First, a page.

Creating an ASGI app

In our asgi.py file, we're going to wrap Django's default ASGI application function with our own ASGI application in order to handle Websocket connections ourselves. To do this, we'll need to define an async function called application, that takes in the 3 ASGI parameters: scope, receive, and send. Rename the result of the get_asgi_application call to django_application, because we'll need it process HTTP requests. Inside of our application function we'll check the value of scope['type'] to determine the request type. If the request type is 'http', then the request is a normal HTTP request and we should let Django handle it. If the request type is 'websocket', then we'll want to handle the logic ourselves. The resulting asgi.py file should look something like this:

import os

from django.core.asgi import get_asgi_application

os.environ.setdefault('DJANGO_SETTINGS_MODULE', 'websocket_app.settings')

django_application = get_asgi_application()

async def application(scope, receive, send):
    if scope['type'] == 'http':
        # Let Django handle HTTP requests
        await django_application(scope, receive, send)
    elif scope['type'] == 'websocket':
        # We'll handle Websocket connections here
        pass
    else:
        raise NotImplementedError(f"Unknown scope type {scope['type']}")

Now we need to create a function to handle websocket connections. Create a file called websocket.py in the same folder as your asgi.py file, and define an ASGI application function called websocket_application that takes in the 3 ASGI parameters. Next, we'll import websocket_application in our asgi.py file, and call it inside of our application function to handle Websocket requests, passing in the scope, receive, and send parameters. It should look something like this:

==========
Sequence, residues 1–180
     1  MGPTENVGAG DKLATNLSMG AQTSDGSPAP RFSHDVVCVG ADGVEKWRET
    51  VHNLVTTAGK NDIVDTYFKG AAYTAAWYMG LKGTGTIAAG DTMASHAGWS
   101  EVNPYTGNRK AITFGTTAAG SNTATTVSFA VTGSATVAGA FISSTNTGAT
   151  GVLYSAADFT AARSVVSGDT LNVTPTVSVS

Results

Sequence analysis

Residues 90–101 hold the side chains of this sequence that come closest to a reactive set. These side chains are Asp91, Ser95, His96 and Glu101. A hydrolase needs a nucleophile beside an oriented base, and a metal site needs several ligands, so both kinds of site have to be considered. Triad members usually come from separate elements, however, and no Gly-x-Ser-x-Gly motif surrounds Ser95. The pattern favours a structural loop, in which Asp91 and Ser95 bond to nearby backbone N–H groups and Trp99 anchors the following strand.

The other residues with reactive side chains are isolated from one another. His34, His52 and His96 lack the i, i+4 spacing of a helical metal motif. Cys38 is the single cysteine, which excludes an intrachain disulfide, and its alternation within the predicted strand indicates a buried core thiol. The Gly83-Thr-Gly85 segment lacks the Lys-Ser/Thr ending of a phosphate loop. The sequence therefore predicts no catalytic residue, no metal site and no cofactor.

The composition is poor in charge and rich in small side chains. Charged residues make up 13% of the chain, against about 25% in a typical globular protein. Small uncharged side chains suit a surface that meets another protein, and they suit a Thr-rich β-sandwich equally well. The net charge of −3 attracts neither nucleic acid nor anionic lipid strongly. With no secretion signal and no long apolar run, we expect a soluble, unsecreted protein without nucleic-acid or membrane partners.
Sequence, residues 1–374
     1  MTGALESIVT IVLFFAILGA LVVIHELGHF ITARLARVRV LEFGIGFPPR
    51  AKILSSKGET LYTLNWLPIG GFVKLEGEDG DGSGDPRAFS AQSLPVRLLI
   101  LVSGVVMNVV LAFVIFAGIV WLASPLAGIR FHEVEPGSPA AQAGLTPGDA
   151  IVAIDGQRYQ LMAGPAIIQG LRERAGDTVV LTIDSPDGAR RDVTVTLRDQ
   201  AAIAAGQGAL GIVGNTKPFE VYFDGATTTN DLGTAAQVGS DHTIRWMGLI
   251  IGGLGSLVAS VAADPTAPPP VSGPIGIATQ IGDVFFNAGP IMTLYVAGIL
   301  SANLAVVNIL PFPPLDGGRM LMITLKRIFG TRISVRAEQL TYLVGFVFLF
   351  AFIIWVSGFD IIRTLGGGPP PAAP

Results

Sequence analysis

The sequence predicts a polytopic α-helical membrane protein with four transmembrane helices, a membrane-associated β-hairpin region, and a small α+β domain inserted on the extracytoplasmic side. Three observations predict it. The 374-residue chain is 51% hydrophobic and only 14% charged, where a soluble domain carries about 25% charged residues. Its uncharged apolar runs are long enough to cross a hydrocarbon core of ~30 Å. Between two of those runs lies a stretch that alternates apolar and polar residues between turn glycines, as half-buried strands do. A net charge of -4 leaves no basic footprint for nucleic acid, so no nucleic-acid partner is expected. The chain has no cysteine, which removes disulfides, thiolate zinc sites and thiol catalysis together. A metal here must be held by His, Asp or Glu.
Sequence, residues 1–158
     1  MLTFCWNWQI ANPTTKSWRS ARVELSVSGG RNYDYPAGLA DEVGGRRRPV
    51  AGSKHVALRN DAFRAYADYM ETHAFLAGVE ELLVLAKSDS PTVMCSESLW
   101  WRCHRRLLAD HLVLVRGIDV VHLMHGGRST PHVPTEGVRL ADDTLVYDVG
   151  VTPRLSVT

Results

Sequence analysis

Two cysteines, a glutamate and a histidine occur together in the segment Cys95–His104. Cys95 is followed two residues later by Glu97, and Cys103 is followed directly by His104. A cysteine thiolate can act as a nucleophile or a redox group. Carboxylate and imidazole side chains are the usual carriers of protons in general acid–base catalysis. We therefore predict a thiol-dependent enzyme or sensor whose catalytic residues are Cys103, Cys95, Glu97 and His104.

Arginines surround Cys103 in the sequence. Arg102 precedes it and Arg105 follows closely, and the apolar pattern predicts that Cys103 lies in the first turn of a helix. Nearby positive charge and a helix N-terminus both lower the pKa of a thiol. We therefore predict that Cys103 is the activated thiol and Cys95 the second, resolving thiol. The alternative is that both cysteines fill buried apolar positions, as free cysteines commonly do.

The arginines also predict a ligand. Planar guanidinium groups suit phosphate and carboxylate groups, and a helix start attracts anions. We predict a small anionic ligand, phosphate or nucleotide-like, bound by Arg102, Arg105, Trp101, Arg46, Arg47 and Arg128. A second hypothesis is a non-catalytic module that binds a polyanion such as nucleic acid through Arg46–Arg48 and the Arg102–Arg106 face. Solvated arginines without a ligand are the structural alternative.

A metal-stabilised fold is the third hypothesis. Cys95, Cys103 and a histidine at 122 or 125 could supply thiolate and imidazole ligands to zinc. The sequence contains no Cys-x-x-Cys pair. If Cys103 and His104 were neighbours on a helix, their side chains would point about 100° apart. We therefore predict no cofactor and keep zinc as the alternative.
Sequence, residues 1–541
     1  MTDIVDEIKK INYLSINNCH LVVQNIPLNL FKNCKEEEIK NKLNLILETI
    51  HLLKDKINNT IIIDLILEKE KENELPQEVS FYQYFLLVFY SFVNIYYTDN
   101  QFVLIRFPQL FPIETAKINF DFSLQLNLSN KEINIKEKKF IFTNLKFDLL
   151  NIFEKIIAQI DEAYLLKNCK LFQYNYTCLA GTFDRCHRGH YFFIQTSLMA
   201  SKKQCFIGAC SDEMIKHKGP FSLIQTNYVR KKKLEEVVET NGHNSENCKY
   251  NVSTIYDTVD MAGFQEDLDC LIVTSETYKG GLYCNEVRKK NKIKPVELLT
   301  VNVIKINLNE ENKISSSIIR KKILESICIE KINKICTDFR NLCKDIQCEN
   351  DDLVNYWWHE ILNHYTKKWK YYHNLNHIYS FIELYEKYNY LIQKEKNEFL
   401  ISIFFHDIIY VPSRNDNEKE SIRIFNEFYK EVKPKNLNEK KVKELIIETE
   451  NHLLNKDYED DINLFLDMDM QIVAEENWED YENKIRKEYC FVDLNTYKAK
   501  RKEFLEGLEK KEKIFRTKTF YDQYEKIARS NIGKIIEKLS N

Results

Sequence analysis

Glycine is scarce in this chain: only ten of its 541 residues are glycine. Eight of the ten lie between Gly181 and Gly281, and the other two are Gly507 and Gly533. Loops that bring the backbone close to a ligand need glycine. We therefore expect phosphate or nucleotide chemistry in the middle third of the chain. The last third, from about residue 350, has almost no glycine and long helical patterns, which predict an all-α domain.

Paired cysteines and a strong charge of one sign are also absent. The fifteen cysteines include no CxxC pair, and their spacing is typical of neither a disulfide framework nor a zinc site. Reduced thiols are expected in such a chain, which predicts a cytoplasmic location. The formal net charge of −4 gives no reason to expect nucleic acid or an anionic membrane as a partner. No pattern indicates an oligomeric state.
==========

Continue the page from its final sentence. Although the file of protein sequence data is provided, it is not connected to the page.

# asgi.py
import os

from django.core.asgi import get_asgi_application
from websocket_app.websocket import websocket_application

os.environ.setdefault('DJANGO_SETTINGS_MODULE', 'websocket_app.settings')

django_application = get_asgi_application()

async def application(scope, receive, send):
    if scope['type'] == 'http':
        await django_application(scope, receive, send)
    elif scope['type'] == 'websocket':
        await websocket_application(scope, receive, send)
    else:
        raise NotImplementedError(f"Unknown scope type {scope['type']}")

# websocket.py
async def websocket_applciation(scope, receive, send):
    pass

Next, let's implement some logic for our websocket application. We're going to listen for all websocket connections, and when the client sends the string "ping", we'll respond with the string "pong!".

Inside of the websocket_application function, we're going to define an indefinite loop that will handle Websocket requests until the connection is closed. Inside that loop, we'll wait for any new events that the server receives from the client. Then we'll act on the contents of the event, and send the response to the client.